Fresenius Medical Care Sees U.S. Plans for Kidney Disease as Positive
As a health professional, you need the leading dialysis products, renal pharmaceuticals and critical care solutions. Let's work together to find you the tools you need, so you can deliver the best care for patients.
Power your practice with our resources. We're here to help support your patients and your thriving practice.
Every day, we’re working tirelessly to transform the future of healthcare. Because every patient deserves treatment as strong as they are.
Browser Upgrade Recommended: Our website has detected that you are using a version of Internet Explorer that will prevent you from accessing certain features on FMCNA.com. We strongly recommend that you use a different browser to optimize your viewing experience. Supported browsers include Chrome, Edge, Firefox, and Safari.
We are actively monitoring the novel coronavirus (COVID-19) pandemic. Learn About the steps that we are taking to protect our patients, employees, physicians, and partners. If you are a patient with questions or concerns, please find additional information at FreseniusKidneyCare.com and AzuraVascularCare.com
Success! The link has been copied to your clipboard.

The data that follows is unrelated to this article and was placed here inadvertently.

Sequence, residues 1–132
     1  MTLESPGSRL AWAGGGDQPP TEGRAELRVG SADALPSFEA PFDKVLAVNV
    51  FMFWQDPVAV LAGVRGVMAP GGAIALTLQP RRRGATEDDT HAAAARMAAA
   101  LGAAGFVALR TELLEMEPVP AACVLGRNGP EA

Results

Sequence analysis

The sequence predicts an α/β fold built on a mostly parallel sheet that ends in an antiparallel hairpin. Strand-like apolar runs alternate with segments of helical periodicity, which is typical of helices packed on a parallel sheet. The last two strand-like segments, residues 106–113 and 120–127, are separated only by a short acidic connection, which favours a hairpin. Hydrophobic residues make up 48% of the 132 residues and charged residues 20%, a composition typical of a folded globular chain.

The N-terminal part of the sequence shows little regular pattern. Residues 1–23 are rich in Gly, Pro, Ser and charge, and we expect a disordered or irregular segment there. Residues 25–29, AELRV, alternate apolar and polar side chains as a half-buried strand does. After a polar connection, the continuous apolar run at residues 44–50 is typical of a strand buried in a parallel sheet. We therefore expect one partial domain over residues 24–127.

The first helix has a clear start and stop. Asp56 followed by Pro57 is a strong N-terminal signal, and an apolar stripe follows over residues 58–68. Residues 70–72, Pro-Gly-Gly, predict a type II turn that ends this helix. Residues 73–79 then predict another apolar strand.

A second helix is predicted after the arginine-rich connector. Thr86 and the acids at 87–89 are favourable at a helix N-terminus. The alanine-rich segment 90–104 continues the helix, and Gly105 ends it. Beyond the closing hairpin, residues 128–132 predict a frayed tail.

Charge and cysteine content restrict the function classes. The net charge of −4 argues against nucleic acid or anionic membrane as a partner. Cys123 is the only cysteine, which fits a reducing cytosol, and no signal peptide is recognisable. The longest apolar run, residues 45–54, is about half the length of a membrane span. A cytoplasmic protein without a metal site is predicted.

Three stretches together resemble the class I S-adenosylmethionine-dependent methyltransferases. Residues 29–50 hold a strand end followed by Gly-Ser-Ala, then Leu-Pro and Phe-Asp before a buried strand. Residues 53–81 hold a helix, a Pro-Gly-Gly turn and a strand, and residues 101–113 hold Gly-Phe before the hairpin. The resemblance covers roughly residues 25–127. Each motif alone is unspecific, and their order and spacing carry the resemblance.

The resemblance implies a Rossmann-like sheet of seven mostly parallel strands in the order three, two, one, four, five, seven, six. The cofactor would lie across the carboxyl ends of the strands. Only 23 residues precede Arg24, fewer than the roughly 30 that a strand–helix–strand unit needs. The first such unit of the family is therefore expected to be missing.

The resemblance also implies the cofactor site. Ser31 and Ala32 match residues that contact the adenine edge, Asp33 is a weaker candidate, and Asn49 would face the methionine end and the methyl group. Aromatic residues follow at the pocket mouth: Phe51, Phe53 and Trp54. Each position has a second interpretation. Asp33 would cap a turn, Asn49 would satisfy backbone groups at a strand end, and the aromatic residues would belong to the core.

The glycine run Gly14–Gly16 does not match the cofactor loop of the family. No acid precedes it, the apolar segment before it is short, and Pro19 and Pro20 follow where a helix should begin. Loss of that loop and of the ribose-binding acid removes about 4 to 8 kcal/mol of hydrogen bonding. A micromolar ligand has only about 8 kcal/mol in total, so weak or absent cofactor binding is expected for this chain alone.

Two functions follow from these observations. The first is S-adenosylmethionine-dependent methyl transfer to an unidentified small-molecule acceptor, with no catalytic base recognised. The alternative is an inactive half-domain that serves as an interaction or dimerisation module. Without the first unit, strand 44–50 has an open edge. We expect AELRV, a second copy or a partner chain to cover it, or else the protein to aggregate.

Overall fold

Editor’s note: Fresenius Medical Care chief medical officer Frank Maddux, MD, recently authored a paper entitled, “Doing more than caring about quality” (Seminars in Dialysis March/April 2016). In an interview with NN&I, we ask him about points made in the paper and how he believes dialysis patient care can improve.
This article is part of NN&I’s 22nd annual dialysis provider ranking. Fresenius Medical Care North America is the largest provider in the United States.
NN&I: You mention “individualized patient care is forthcoming…” Is that possible for a company that provides dialysis treatment for over 180,000 patients?
Frank Maddux, MD: There are ways to use technologies to work toward a more personalized prescription. I think we would still have standardized approaches to the treatment, but we would have opportunities to address the individual’s needs at chairside and adjust the prescription. It is a combination of technology and process, and we can individualize care even in large organizations.
NN&I: In the opening paragraphs of the Seminars article, you say “Advancing the care of patients with severe renal failure has been both a success and a failure” and we need a “roadmap to guide a fundamentally evolved approach.” What can the provider community do better?
Maddux: We have removed renal disease as a cause of death for thousands of individuals. But now, particularly with more interest in value-based care, there is an opportunity to expand beyond just the treatment. As a community, we need to be always pushing the boundaries to make a treatment better, safer. I never think that we are done. There is a lot of room for continued improvement.
Read the full story at Nephrology News